ASK adults to design a hospital and you’ll get wards, clinics and foreboding operating theatres.
Ask children to design a hospital and they add a magical touch. And that’s what has happened at Alder Hey which, this weekend, finally moves into its new £237m home.
What you get for that kind of money is a stunning atrium reception area with the world’s biggest tree house, bird and animal sculptures high above. Out go the old fashioned wards to respond to a demand by children for privacy and dignity. They get their own rooms, with a spare bed for mum or dad.
They wanted something that didn’t like a hospital, so they got a design that would not look out of place in the Teletubbies, with grass and wildflower meadow covering the sloping roofs as it stretches out into Springfield Park.
A garden in the out-patients department has tents and play areas with computer games.
So it was only right today that as the finishing touches are put into place, children were given a VIP tour to see for themselves the world’s first hospital created for children, by children.
Over the past few years they have been a key element in the project, meeting hospital bosses, discussing their "demands" with the architects.
Today's beaming smiles - and looks of aghast - said it all. Alder Hey In The Park, as it is known, had won their approval.
Some of them had known nothing else but Alder Hey in their short lives, such as Grace Lee, main image, top, a heart patient there since birth. They and others were free to wander the empty wards of one of the biggesr children's hospitals in Europe, even the main £1m operating theatre which is equipped with the latest gizmos to enable live operations to be followed by medical experts all over the world.
As surgery takes place beneath the array of lights and cameras, the young patients can drift away to the sounds of their favourite pop bands.
Twenty years ago we had the organ retention episode, which was a bit unfair as similar things were happening everywhere, but we can now put all that behind us - Sir David Henshaw
It seems a happy, friendly hospital and the surrounding of nature is good for health. Doctors say it will mean less anaesthetic being needed and recovery times will be quicker.
Project Manager David Houghton, who has been with the project since day one, said the input of the children was vital.
“We had a competition to ask what they wanted and we took on board what they told us, he said. “When I look back at the old hospital I see the Nightingale Wards, built to the design of Florence Nightingale who believed in opening doors and windows to let in plenty of fresh air. Our new hospital has outdoor areas, 21st century versions of what Florence Nightingale believed in.”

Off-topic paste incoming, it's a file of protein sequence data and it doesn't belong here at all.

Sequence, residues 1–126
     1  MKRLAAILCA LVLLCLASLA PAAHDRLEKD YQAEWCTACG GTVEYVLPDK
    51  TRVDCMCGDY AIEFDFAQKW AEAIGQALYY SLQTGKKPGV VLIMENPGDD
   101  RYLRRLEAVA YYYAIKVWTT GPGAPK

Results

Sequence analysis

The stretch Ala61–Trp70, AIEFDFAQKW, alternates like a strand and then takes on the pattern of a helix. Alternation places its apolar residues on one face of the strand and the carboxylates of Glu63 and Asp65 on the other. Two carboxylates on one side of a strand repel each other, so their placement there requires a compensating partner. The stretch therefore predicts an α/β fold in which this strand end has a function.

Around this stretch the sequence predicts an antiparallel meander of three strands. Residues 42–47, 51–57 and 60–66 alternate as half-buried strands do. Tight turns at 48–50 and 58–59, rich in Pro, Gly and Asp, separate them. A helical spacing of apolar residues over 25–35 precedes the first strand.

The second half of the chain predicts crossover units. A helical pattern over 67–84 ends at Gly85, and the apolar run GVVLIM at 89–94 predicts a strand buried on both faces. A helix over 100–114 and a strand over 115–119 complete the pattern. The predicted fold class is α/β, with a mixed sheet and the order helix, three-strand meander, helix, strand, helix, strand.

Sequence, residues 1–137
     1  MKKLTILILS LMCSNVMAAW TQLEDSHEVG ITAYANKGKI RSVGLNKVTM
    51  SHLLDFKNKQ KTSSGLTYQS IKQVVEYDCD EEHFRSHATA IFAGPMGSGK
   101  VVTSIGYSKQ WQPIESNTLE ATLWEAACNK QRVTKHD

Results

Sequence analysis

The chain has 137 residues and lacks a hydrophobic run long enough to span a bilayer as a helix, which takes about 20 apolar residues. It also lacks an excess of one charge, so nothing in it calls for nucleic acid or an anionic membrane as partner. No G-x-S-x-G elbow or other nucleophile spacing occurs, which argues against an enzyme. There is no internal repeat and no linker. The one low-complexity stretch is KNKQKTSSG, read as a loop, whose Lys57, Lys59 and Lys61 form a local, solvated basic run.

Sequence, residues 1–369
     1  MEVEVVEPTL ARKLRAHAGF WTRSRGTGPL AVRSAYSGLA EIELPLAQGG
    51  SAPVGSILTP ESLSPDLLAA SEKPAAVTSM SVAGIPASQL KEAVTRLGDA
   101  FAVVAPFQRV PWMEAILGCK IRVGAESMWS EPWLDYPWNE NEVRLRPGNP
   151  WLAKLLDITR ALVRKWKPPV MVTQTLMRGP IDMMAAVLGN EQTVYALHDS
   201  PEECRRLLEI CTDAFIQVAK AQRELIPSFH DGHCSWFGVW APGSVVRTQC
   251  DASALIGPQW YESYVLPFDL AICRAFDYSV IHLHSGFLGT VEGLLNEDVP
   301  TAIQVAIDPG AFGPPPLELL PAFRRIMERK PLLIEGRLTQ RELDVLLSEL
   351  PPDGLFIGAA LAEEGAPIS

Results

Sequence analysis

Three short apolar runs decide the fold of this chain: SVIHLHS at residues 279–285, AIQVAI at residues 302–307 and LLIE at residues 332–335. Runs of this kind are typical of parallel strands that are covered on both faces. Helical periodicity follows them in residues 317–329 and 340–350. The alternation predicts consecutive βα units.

The first patients will be moved in on Saturday, using a specially made covered corridor for the short hop from the century old buildings to the new hospital in Springfield Park, Knotty Ash. At 2am on Sunday, without any ceremonies or ribbons being cut, the A&E will open. The time was chosen specially because that is the quietest time.
In the past year Alder Hey has treated 275,000 patients, making it the busiest children’s hospital in Europe.
Sir David Henshaw, chairman of the hospital trust board, and one time chief executive of Liverpool City Council, said the new building will put Alder Hey on the world map.
“We are already seeing the world’s best doctors and surgeons wanting to come and work here. The future for Alder Hey is better than ever."
He added: Twenty years ago we had the organ retention episode, which was a bit unfair as similar things were happening everywhere, but we can now put all that behind us and look to an amazing future.”
Sir David said the trust board was working with Mayor Anderson to form a community organisation to take over the running of Springfield Park on behalf of the local community.
Next year an official royal opening is expected. The smart money is on William and Kate doing the deed, undoubtedly with thelr kids in tow.
girl on the computer game in the outdoor garden is 10 years old heart patient Grace Lee, a patient at Alder Hey since her birth.
'I wanted to see lots of green, something bright with loads of fresh air'
Eleanor Brigan with her winning flower picture which sparked the design for the new hospital
It was the vision of 14-year-old Eleanor Brogan that led to the radical design of the £237m Alder Hey In The Park.
Now 21, and a school teacher, she told Liverpool Confidential: "When I was a patient at Alder Hey, seven years ago, I took part in a design competition for the new hospital.
"I won the competition with my picture of a flower, and I was told later the architects had used my flower to help design the new Alder Hey. I chose a flower because I wanted to see lots of green, something bright with loads of fresh air, very different from a traditional hospital."
She added: "Alder Hey is an amazing place, but it had long, dark corridors. This new hospital is like nothing every built, it is totally different to what we think of as hospitals."